Of all the thousands of the Buddha’s teachings, he directed a very few—three or four, depending on what you count—specifically to children. Considering the multitude and breadth of his suttas, it’s hard to imagine why more weren’t geared to kids: was it because following his path requires a mature mind and mature commitment? Or was it because Indian society twenty-six hundred years ago had the instruction of children firmly in household hand—if adult family members were following the Buddha, children would naturally absorb the lessons and culture of the dharma, too. Or perhaps—and this is a personal guess—it was because the Buddha’s principal teaching to a child so perfectly encapsulated the dharma that little else needed to be said. Was he doing what the most effective parents and teachers do—paring down a complicated set of ideas to its most profound, most pressing—and illustrating the lesson in such a way that a child can connect it to his or her own life?
The child in question here was his own son, Rahula—Pali for “fetter” or “shackle.” The Buddha is famous with Western practitioners for having abandoned his family on the day of his only child’s birth—what kind of father would do such a thing? (We all know a few.) But in the Buddha’s case, renunciation of fatherhood and royal existence represented his profound conviction that a lasting, unconditioned happiness could be found—and in leaving behind his family, the fetters on his emotional and spiritual life, he could ultimately give back to them the possibility of the same deathless happiness he would find for himself.
When Rahula was seven years old, he became his father’s disciple and began his training as a monk. In a discourse that has come to be known as the “Rahula Sutta” (Majjhima Nikaya 61), the Buddha instructed his young son with the seeds of some of his most important teachings. He started out by stressing the magnitude of being truthful—implying that if Rahula wanted to find the truth, he would first have to be truthful to himself. He then talked about using one’s actions as a mirror. Before you do anything, he told Rahula, ask yourself: Is what I intend to do here skillful or unskillful? Will it lead to well-being or harm? If it looks harmful, don’t do it. If it looks okay, go ahead and give it a try. While doing it, though, ask the same questions. If it turns out that it’s causing harm, stop. If not, continue with it. Then after you’ve done it, ask the same questions—Did it bring about well-being or harm? If you see that what originally looked okay actually ended up being harmful, talk it over with someone else on the path and resolve never to make that mistake again. But if, as the Buddha put it, “on reflection [of a bodily, verbal, or mental action], you know that it did not lead to affliction…it was a skillful action with pleasant consequences, pleasant results, then you should stay mentally refreshed and joyful, training day and night in skillful mental qualities.”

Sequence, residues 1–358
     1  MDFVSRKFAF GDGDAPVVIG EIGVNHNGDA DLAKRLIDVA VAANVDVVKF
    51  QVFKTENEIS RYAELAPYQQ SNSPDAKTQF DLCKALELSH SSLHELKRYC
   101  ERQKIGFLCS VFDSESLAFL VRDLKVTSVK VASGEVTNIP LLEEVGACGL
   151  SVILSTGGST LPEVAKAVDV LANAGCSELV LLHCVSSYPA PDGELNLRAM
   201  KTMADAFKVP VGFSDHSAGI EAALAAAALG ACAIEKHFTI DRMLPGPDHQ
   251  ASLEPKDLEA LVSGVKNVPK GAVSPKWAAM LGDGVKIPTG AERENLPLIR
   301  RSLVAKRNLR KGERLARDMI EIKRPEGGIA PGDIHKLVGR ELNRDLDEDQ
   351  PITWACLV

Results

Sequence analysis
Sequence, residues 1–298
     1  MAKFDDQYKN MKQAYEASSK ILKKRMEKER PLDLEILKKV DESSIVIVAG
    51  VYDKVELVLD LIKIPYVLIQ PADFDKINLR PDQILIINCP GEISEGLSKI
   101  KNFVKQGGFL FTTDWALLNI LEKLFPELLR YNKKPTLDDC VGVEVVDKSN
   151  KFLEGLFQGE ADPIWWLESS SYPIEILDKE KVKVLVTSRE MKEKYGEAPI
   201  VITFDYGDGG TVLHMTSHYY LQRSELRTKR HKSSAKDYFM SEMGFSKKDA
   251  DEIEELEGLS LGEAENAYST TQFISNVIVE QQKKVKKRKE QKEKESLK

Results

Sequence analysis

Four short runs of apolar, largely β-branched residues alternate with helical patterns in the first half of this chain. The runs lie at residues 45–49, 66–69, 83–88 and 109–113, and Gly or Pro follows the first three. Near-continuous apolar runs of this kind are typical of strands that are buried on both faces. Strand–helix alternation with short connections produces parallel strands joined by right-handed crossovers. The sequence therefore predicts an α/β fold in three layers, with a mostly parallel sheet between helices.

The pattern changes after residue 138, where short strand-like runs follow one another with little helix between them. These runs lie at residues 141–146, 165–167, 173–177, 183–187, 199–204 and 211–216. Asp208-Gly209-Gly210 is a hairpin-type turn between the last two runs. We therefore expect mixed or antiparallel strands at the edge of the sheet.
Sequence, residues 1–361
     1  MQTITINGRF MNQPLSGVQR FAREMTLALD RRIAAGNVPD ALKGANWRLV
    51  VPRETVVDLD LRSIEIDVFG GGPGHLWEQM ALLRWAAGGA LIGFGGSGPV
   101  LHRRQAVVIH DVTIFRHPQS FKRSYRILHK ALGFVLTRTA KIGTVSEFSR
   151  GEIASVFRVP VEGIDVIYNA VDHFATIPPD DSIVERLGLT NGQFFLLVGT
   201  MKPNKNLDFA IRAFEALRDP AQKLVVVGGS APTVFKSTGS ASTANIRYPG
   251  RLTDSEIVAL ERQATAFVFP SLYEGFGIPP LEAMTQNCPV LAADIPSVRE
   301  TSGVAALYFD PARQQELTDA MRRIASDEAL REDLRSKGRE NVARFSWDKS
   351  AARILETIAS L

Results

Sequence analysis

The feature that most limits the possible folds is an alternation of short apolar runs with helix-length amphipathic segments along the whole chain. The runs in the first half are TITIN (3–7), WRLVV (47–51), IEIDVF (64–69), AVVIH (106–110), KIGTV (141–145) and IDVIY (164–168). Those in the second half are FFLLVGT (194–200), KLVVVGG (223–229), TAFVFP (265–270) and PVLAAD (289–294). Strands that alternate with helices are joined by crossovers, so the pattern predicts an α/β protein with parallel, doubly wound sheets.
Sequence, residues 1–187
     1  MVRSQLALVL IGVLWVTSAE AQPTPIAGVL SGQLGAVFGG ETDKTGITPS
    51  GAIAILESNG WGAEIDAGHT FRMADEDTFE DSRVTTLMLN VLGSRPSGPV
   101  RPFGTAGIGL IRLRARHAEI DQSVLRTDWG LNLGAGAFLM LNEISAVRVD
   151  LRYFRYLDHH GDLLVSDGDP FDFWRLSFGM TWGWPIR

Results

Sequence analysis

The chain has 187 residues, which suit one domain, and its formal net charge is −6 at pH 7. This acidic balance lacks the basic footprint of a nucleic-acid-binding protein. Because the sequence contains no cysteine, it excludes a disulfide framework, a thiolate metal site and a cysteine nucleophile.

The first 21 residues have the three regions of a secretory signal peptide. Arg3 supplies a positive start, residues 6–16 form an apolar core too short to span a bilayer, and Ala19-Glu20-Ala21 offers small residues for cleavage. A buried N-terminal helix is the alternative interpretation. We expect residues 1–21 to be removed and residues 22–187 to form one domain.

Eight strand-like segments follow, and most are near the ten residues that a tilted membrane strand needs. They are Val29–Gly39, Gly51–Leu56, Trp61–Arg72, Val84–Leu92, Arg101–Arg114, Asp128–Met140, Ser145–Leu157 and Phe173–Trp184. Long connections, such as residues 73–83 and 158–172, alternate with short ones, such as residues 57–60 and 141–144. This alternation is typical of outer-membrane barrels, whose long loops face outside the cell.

The Buddha was instructing his son in the importance of learning from his mistakes, of taking responsibility for his own actions, and of cultivating compassion. But just as crucially, he was teaching his son about the role of intention in our actions and the way causality works—with actions bringing about immediate results as well as long-term results. He was also teaching the basis for the Four Noble Truths: the notion that suffering is caused by past and present actions, and that if we’re observant we can discover how to act more and more skillfully to a point of total freedom.
The Buddha had a leg up on instructing children in that he lived in a world where spiritual practice and instruction were a part of daily life. For those of us who have charged ourselves with the teaching, and raising, of kids, and want to do it inculcating Buddhist values, we must build what doesn’t exist—a support structure for teaching the dharma to young people. We don’t have to do it from scratch—the Rahula Suttaand many other teachings are an extraordinary place to start, and our own experience and conviction counts for a lot—but much scaffolding needs to be put in place, too. Interesting stories and activities can allow children to see the relevance of the teachings, while adults, friends, and community members can bring their experiences, insights, and skills to teaching meditation and helping children along the path.
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